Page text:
National Sign Language
Langue des Signes Française, LSF
In English: French Sign Language
Language Status: 5 (Developing)
"Sign Language Legislation in the European Union", Wheatley, M., A. Pabsch., Edition II. Brussels, EUD, 2012
"French Sign Language is recognised explicitly in the Education Law (Code de l'éducatin) in article L312-9-1:
'French Sign Language is recognised as a language in its own right.'
In the same article, it also gives pupils the right to receive education in sign language."
The status of sign languages in Europe", Nina Timmermans, ISBN 92-871-5720-0 © Council of Europe, April 2005
"The FNSF (Fédération Nationale des Sourds de France) promotes the use of LSF as a first language, with written French as a second language for the purposes of written communication. According to the FNSF, LSF should be available and used in everyday communication with deaf people, beginning at nursery school – right through the professional life of deaf people. LSF was the first sign language that received a great deal of attention and recognition because of the work of Charles Michel de l’Epée who, in the 1800s, established the first public school for the deaf in the world. Today, academic research clearly shows that LSF is a complete language with its own grammar, vocabulary, etc.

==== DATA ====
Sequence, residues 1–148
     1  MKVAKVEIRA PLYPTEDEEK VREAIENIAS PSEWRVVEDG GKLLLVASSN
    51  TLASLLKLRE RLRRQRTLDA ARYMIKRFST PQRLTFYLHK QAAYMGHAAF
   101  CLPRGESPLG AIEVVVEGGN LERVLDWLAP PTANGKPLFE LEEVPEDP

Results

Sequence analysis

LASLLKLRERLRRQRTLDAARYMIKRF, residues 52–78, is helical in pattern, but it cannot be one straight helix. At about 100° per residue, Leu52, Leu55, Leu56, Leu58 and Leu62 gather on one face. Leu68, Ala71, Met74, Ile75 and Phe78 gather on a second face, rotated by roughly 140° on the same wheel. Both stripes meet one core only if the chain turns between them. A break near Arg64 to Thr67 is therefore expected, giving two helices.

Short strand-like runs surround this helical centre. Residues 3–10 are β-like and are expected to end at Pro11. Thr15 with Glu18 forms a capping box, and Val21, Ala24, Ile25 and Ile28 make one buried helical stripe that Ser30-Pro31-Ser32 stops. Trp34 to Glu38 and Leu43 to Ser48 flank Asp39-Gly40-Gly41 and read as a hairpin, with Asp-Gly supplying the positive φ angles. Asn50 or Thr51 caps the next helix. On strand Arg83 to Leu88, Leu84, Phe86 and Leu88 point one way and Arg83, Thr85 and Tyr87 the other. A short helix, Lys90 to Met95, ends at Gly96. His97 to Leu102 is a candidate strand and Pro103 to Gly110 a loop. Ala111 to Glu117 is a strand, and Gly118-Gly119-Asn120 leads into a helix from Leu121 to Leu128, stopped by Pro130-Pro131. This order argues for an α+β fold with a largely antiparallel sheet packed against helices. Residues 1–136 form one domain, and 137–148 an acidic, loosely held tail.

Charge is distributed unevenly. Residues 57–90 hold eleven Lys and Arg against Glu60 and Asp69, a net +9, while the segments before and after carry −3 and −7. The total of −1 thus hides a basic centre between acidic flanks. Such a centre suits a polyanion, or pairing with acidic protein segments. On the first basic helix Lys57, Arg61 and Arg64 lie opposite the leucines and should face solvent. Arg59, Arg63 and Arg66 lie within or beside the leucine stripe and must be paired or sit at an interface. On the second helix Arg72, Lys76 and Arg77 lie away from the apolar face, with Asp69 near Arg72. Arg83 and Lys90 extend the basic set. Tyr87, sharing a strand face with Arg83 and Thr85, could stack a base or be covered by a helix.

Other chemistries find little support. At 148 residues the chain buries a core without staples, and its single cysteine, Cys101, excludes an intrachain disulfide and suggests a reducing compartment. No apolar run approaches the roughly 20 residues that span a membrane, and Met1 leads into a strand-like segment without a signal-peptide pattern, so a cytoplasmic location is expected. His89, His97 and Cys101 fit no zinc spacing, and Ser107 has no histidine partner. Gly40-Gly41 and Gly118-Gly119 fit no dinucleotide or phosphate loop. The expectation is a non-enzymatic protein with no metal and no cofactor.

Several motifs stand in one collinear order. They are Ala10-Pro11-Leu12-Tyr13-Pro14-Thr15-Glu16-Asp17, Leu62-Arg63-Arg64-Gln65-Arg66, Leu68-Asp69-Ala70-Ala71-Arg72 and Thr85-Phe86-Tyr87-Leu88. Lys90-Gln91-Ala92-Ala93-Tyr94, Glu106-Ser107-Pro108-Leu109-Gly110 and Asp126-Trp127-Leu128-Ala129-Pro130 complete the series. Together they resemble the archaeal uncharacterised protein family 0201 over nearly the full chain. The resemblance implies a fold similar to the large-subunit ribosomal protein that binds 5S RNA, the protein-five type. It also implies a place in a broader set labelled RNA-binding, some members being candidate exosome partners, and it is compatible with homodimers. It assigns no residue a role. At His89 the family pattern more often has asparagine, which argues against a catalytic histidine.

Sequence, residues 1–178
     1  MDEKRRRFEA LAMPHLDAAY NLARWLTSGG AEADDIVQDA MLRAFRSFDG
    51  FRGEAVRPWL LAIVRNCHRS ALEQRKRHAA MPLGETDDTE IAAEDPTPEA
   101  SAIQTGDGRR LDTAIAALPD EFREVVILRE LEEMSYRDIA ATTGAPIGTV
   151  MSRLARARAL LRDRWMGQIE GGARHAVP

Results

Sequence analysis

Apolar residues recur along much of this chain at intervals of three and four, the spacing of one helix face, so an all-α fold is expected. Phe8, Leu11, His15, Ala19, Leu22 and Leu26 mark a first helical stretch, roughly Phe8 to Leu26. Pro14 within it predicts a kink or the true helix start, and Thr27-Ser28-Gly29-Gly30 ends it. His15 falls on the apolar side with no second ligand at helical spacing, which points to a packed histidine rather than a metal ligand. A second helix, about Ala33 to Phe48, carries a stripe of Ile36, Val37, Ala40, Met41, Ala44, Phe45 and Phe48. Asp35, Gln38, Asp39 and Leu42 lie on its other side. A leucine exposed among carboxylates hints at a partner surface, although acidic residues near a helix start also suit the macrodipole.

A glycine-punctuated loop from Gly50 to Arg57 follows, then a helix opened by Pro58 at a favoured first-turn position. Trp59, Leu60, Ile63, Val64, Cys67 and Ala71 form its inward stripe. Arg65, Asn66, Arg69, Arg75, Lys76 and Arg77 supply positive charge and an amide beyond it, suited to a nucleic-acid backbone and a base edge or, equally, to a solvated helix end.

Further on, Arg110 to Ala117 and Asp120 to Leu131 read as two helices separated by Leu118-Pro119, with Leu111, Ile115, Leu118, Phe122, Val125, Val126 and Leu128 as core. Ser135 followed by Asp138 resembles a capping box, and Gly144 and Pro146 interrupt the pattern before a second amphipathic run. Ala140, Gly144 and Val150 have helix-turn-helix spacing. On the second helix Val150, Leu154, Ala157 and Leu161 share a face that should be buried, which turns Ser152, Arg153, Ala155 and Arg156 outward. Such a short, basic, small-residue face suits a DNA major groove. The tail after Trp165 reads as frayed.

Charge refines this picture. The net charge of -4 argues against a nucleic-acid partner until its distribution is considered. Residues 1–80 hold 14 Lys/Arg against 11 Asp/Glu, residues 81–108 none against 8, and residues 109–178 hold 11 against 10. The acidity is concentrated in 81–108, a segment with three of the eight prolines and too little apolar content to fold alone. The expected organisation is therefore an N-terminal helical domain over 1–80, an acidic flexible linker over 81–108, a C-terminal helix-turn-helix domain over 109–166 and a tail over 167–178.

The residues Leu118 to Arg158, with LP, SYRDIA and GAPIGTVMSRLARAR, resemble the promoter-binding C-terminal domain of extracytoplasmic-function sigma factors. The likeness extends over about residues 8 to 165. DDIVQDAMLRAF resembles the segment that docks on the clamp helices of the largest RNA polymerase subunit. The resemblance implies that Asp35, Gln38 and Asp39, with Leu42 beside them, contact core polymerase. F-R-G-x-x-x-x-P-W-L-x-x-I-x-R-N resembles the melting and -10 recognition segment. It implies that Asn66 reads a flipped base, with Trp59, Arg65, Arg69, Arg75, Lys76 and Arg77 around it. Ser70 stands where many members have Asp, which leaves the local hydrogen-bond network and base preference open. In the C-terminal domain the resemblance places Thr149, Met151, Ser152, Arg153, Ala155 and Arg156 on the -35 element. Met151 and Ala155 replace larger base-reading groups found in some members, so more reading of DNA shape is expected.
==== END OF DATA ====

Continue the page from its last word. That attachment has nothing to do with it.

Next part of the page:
Many non-deaf persons wish to learn LSF as a second or foreign language. The FNSF request that LSF be offered as a subject for examination in secondary schools, and as an optional subject for the Baccalauréat examination. There is increased demand for LSF courses, but unfortunately there are not enough qualified teachers available. In April 1999, an action committee was established by three major organisations: IRIS (Toulouse), ALSF (Paris), IVT (Vincennes). This action committee works together to develop a basic training package for teaching LSF. The committee also intends to develop educational methods for teaching LSF. These approaches will then be disseminated across France."
Number of Deaf Sign Language Users
300,000 (EUD website, December 2016)
National Sign Language (Research) Centres
Work in progress...